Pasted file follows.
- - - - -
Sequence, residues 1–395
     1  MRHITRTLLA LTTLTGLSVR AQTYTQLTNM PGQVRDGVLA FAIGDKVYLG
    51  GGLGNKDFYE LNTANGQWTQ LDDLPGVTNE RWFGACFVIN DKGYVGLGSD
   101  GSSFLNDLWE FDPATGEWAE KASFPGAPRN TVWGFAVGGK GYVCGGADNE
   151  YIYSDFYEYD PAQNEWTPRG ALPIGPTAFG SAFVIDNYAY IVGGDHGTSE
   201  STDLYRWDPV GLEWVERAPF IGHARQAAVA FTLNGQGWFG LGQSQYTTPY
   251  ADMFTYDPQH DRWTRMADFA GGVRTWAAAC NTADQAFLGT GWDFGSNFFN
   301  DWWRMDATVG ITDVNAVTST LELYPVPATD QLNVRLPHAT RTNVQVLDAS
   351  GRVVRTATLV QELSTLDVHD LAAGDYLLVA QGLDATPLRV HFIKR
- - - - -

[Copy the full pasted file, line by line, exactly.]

Sequence, residues 1–395
     1  MRHITRTLLA LTTLTGLSVR AQTYTQLTNM PGQVRDGVLA FAIGDKVYLG
    51  GGLGNKDFYE LNTANGQWTQ LDDLPGVTNE RWFGACFVIN DKGYVGLGSD
   101  GSSFLNDLWE FDPATGEWAE KASFPGAPRN TVWGFAVGGK GYVCGGADNE
   151  YIYSDFYEYD PAQNEWTPRG ALPIGPTAFG SAFVIDNYAY IVGGDHGTSE
   201  STDLYRWDPV GLEWVERAPF IGHARQAAVA FTLNGQGWFG LGQSQYTTPY
   251  ADMFTYDPQH DRWTRMADFA GGVRTWAAAC NTADQAFLGT GWDFGSNFFN
   301  DWWRMDATVG ITDVNAVTST LELYPVPATD QLNVRLPHAT RTNVQVLDAS
   351  GRVVRTATLV QELSTLDVHD LAAGDYLLVA QGLDATPLRV HFIKR